Loading…
&Now 2015: Blast Radius has ended
JH

Jack Halberstam

Jack Halberstam is the author of four books including Female Masculinity (Duke UP, 1998) and most recently The Queer Art of Failure (Duke UP, 2011). Halberstam just finished a book for Beacon Press titled Gaga Feminism: Sex, Gender and the End of Normal due out in Fall 2012. Halberstam blogs at bullybloggers.com

 

Abstract:

"Losing Control: Grace Jones vs. Joy Division"

Grace Jones is queer in every way and in her performative range she offers a vector between the drag femininities of disco and the perverse masculinities of punk. Jones is no androgyne, she is a gender all her own. When she loses control, Grace Jones lets the levies break and the infectious beat flows one way while the scream of refusal rises to meet it. She loses control and her crazy gender, something much more charismatic than androgyny, her masculine intensity and her feminine mania literally force a connection between disco and punk – we dance with her to the edge of sanity, crying now, laughing later. While listening to Grace Jones’ flirtations with sonic chaos are suggestive of the incipient chaos that punk promised and represented, socially and politically in the 1970’s, it also reminds us of a long tradition of “losing control” and because Grace Jones allowed herself to dig into a sonic anarchy she led punk off in a whole new direction, the direction of feminist rage, Black riot, female screams that cannot be organized into harmony, or poignancy or acquiescence.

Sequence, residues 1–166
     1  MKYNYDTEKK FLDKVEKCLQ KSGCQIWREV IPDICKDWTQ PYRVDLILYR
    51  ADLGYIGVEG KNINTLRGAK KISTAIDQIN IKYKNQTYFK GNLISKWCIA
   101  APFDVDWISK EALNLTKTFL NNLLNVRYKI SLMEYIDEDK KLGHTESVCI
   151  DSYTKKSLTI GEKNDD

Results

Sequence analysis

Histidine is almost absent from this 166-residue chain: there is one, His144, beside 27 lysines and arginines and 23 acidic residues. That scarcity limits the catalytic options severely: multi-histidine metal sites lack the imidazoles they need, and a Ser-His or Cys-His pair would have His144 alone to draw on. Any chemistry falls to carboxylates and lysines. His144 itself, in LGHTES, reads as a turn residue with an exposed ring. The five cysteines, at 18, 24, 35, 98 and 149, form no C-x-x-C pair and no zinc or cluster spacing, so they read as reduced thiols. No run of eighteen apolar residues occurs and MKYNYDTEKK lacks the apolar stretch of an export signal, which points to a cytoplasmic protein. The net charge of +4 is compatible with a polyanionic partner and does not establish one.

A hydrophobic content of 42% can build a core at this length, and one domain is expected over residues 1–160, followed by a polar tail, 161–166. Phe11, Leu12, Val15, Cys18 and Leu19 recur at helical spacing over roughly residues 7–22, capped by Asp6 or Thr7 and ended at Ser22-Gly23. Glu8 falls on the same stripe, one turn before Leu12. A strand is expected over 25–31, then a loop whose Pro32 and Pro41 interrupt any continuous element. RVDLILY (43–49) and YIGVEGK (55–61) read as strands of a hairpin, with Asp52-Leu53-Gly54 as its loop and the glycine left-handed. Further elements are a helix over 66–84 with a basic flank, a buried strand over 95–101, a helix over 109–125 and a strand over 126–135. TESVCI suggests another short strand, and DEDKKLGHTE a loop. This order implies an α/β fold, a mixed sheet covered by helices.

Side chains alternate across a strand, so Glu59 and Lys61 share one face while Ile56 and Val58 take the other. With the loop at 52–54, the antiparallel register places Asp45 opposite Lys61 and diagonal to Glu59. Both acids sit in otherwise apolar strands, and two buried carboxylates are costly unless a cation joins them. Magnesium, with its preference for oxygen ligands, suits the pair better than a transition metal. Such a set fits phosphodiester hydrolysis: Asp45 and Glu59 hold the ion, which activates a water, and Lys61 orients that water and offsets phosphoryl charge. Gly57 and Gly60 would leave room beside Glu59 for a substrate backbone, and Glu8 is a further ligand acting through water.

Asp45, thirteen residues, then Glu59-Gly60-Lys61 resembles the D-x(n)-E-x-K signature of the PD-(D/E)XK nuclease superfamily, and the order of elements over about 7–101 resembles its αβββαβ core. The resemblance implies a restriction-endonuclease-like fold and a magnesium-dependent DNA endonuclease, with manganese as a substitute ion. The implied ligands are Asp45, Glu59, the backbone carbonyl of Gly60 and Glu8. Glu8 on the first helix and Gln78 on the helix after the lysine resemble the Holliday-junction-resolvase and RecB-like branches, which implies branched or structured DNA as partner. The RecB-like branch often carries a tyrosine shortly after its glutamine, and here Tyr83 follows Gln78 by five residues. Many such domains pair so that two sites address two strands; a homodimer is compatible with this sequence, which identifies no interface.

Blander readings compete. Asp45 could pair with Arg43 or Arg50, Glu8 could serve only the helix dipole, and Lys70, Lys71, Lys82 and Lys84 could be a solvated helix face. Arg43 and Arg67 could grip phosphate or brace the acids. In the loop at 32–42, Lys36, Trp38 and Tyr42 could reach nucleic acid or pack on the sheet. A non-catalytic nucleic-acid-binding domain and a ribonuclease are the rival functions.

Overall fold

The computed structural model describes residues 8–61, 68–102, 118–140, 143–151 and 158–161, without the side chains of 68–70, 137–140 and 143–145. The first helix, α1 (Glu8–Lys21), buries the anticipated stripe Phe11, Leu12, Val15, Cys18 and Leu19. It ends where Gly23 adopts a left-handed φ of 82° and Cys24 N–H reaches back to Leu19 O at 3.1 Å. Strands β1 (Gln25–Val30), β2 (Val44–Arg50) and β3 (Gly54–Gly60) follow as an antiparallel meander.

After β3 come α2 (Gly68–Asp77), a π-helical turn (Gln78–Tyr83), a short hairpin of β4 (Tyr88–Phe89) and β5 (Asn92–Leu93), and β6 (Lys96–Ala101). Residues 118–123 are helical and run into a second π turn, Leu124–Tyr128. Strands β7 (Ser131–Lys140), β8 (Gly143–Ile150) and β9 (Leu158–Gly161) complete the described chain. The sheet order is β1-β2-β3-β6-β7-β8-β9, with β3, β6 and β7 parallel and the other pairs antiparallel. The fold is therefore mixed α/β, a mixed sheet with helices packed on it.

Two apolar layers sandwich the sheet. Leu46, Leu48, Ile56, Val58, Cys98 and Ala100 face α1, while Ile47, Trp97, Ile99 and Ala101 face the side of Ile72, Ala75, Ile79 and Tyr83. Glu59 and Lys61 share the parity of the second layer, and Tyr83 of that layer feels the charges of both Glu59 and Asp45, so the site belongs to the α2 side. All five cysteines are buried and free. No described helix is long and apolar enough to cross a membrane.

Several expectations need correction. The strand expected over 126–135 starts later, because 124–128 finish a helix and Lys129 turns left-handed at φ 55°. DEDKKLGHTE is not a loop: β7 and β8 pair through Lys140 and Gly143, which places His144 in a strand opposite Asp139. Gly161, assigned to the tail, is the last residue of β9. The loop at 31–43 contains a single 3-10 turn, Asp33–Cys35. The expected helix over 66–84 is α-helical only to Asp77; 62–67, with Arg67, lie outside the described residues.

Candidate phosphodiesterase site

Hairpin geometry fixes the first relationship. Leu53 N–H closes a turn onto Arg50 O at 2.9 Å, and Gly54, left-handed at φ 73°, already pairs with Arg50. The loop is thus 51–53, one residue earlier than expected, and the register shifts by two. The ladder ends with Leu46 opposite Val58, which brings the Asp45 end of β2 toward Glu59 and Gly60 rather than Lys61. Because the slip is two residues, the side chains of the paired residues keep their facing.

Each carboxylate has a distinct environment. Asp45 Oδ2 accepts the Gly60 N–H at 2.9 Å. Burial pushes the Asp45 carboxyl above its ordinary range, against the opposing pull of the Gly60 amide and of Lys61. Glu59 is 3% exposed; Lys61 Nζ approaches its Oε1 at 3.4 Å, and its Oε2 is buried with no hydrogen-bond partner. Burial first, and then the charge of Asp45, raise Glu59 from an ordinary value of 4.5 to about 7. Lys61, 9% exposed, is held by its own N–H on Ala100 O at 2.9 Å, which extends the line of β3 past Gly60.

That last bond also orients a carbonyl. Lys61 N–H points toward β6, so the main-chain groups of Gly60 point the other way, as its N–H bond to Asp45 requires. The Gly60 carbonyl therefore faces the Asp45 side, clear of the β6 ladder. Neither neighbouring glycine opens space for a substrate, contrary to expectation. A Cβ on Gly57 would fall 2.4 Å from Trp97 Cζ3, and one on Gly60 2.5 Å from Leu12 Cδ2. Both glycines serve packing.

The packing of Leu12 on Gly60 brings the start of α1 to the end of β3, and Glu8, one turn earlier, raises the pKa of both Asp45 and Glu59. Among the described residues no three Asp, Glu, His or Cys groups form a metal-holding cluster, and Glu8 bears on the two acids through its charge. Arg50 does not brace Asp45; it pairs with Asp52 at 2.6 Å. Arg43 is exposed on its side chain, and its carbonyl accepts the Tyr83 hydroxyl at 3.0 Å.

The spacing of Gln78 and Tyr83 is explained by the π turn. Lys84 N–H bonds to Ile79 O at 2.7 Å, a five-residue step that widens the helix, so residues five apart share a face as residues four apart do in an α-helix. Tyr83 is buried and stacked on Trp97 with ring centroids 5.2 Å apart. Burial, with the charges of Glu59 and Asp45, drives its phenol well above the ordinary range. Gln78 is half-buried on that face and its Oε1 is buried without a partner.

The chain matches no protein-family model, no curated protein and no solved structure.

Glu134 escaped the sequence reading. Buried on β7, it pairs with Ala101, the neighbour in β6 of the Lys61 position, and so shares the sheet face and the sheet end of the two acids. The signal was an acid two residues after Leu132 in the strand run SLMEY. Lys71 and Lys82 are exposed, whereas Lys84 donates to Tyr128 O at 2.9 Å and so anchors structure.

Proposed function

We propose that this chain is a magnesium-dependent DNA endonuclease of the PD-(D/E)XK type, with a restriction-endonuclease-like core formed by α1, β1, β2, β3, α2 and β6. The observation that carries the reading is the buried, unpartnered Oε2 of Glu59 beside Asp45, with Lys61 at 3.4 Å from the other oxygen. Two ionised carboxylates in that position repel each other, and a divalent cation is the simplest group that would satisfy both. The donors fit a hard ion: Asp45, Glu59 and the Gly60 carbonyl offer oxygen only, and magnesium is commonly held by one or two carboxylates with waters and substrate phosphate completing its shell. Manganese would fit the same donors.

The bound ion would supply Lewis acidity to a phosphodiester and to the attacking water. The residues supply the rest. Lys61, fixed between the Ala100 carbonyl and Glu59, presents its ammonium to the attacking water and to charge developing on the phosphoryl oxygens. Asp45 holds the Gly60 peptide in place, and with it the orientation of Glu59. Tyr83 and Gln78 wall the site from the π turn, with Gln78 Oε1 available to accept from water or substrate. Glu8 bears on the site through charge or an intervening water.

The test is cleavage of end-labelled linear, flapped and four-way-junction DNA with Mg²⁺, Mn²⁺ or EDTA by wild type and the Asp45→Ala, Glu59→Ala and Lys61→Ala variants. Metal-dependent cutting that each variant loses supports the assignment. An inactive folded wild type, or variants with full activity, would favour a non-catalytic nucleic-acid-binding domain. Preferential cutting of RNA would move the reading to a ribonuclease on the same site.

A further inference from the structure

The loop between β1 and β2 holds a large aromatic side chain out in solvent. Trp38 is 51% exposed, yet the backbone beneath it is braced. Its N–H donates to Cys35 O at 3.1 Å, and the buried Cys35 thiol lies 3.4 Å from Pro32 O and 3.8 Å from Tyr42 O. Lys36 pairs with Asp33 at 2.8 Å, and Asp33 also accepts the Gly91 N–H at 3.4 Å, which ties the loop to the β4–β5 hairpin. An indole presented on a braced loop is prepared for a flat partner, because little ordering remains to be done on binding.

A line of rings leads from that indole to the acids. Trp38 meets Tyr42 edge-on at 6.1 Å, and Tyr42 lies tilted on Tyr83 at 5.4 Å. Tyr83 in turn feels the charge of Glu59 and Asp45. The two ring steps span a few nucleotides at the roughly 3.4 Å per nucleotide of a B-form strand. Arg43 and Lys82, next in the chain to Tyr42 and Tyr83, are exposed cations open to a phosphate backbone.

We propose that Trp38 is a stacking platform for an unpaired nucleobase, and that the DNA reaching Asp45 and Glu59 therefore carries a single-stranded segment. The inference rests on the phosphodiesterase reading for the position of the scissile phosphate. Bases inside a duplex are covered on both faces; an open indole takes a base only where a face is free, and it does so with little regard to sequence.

This is the scream that echoes through Sinead O’Connor’s debut in “Troy,” it is the sound that spills out of Poly Styrene in “Oh Bondage Up Yours,” it is the yelping in Rhoda and The Bodysnatchers’ powerful ska song about rape “The Boiler” from 1980; it allows for Kelis to “hate you so much right now” and Beyoncé to “Ring the Alarm,” it is the missing link between riot and girl and between both and r n b, it is the sound of a punk diva coming undone in glorious stereo and in the aftermath of its musical mayhem, punk, and disco and diva-dom would never be the same again. This paper will dig into the archive of sonic mayhem from the 1970’s and think through the urban noise of Grace Jones, Rhoda Dakar, Poly Styrene and others in relation to contemporary black female performers who practice the art of losing control.